Over the course of the past week, Republican candidate Roy Moore’s already contentious campaign to win the Alabama senate seat vacated by Attorney General Jeff Session went full garbage fire over allegations he molested children decades ago. Moore refused to back down, endorsing a Twitter-fueled conspiracy theory the Washington Post paid women to fabricate the allegations and promoting misinformation about whether he still has the endorsement of dozens of local pastors.
Now, someone has allegedly continued to push the Twitter garbage on Alabama voters with an anti-Semitic twist. Per WKRG, Creola pastor Al Moore says he received a robocall claiming to be a non-existent reporter named “Bernie Bernstein” from the Post offering money for “damaging remarks about Roy Moore. Here’s the text of the alleged call:
Hi, this is Bernie Bernstein, I’m a reporter for the Washington Post calling to find out if anyone at this address is a female between the ages of 54 to 57 years old willing to make damaging remarks about candidate Roy Moore for a reward of between $5000 and $7000 dollars. We will not be fully investigating these claims however we will make a written report. I can be reached by email at firstname.lastname@example.org, thank you.
A staff source at the Post confirmed that, obviously, there is no Bernie Bernstein employed at the paper. It’s a real name, but seems to have been selected for sounding especially Jewish:
You’d have to be a real dummy to believe that a major metropolitan paper would be soliciting random women to accuse Moore of further, horrifying misconduct by waving stacks of money via random phone calls, but that’s not the point.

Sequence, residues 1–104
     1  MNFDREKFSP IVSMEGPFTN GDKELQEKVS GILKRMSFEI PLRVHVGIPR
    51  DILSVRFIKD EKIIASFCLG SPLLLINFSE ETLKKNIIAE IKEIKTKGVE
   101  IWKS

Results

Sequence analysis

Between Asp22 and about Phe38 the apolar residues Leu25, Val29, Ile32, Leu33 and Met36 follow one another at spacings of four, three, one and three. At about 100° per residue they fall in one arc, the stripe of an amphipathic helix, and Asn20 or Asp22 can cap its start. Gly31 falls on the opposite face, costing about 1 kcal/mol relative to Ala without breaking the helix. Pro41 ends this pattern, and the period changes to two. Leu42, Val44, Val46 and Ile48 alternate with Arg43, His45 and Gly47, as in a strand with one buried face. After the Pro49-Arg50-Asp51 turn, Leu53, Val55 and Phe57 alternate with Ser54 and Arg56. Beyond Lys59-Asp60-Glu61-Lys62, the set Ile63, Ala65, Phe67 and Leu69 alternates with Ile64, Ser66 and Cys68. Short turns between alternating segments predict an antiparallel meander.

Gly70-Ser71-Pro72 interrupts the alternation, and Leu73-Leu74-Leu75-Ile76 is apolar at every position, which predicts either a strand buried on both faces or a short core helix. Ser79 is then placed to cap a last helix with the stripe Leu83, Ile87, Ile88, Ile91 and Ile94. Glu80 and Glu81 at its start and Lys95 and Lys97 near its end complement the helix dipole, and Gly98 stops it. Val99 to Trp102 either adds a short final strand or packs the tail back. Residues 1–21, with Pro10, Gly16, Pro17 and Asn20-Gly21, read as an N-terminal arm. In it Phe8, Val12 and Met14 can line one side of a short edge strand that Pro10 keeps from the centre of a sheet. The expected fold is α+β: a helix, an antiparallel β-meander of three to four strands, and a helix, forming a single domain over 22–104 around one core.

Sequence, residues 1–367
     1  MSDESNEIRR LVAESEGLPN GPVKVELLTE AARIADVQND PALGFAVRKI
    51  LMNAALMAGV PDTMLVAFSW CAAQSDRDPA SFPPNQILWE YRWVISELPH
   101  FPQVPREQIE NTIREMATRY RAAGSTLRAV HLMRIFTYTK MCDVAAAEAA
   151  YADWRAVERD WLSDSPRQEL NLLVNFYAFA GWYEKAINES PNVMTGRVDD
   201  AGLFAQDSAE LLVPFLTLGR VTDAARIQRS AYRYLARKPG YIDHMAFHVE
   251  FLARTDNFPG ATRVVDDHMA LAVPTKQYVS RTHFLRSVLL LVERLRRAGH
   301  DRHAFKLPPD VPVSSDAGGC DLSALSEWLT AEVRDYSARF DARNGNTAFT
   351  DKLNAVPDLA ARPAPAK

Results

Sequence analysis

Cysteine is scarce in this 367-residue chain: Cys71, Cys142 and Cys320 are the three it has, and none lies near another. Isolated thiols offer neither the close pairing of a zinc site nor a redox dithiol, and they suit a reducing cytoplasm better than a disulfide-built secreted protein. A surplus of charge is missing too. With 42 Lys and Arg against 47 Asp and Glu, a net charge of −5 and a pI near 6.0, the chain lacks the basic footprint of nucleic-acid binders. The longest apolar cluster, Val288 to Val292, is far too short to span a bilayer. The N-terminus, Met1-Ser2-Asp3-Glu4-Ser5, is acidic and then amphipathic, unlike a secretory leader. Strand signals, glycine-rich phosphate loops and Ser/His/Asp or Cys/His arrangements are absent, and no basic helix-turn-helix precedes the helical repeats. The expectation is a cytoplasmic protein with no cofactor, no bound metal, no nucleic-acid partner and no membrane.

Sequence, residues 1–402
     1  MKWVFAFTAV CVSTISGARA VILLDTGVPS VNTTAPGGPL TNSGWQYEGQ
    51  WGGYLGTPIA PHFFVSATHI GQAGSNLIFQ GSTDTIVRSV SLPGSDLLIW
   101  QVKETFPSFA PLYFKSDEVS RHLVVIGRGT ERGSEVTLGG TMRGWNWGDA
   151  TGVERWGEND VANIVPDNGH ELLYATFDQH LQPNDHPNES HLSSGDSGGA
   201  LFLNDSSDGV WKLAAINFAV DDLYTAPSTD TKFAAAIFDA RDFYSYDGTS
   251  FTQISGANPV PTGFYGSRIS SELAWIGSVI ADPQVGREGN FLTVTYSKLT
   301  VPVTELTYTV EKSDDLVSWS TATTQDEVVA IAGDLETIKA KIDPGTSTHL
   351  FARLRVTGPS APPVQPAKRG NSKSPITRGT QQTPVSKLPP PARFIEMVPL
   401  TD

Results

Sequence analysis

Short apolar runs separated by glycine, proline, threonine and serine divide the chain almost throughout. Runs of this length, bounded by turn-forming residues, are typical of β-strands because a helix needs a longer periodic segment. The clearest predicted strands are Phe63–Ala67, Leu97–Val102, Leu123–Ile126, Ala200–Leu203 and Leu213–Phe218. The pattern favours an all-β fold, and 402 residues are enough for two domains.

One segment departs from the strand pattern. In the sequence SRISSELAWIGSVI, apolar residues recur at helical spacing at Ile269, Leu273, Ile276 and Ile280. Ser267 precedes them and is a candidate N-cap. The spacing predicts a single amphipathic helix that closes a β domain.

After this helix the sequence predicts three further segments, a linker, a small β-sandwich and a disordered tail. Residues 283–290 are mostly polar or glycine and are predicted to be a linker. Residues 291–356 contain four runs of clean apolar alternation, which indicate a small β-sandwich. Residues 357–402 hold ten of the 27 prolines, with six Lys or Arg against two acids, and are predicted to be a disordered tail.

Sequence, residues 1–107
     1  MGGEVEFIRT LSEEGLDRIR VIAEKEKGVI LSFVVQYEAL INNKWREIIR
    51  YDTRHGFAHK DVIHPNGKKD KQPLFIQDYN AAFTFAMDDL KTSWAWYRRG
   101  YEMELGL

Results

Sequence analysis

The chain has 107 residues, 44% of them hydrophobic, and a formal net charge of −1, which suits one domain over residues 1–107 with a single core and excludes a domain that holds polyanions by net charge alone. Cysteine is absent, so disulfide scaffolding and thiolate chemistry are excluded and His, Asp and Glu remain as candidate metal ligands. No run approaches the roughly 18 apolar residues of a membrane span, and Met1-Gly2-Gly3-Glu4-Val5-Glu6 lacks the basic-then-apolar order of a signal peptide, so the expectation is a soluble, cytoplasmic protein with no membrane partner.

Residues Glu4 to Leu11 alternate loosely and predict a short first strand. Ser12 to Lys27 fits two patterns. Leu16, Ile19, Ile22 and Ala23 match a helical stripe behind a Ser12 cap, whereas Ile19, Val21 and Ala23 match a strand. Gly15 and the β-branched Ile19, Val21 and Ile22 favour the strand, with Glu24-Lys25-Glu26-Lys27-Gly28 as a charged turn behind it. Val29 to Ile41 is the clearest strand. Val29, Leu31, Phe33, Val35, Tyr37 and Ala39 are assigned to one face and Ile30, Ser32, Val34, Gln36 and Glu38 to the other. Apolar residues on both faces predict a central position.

Regardless of the intent of the call, it further pushes Moore’s selected conspiracy theory from the fever depths of Twitter into the public imagination and promotes skepticism the whole controversy is just a series of dirty tricks. Second, it potentially muddies the waters around any women who step forward in the future by providing a flimsy excuse to attack their credibility.
It’s hard to imagine this tactic not backfiring without the assistance of viral, unsourced rumors spreading on social media, which seem to have helped Moore quickly rally Alabaman right-wingers who are already inclined to support his antagonistic approach. But while Alabama is one of the most conservative states in the country, making it especially fertile ground for this kind of thing, this mess may still be too much for voters to swallow. If it’s not, that’s an ominous look at our already very ominous future, whether or not Moore is ever seated.
Moore’s campaign did not immediately respond to a request for comment from Gizmodo, and we’ll update this post if we hear back.